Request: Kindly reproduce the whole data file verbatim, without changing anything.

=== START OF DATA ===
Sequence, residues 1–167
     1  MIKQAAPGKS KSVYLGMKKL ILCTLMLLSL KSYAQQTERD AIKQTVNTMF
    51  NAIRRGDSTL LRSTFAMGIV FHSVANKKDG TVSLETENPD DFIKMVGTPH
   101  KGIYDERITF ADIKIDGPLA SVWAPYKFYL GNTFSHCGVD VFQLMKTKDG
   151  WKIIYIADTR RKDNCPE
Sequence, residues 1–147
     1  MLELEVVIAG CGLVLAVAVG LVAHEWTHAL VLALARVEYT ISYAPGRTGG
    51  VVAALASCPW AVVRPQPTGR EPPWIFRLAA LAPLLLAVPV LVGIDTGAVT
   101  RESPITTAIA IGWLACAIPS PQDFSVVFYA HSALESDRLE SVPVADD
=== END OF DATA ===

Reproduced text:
Sequence, residues 1–167
     1  MIKQAAPGKS KSVYLGMKKL ILCTLMLLSL KSYAQQTERD AIKQTVNTMF
    51  NAIRRGDSTL LRSTFAMGIV FHSVANKKDG TVSLETENPD DFIKMVGTPH
   101  KGIYDERITF ADIKIDGPLA SVWAPYKFYL GNTFSHCGVD VFQLMKTKDG
   151  WKIIYIADTR RKDNCPE
Sequence, residues 1–147
     1  MLELEVVIAG CGLVLAVAVG LVAHEWTHAL VLALARVEYT ISYAPGRTGG
    51  VVAALASCPW AVVRPQPTGR EPPWIFRLAA LAPLLLAVPV LVGIDTGAVT
   101  RESPITTAIA IGWLACAIPS PQDFSVVFYA HSALESDRLE SVPVADD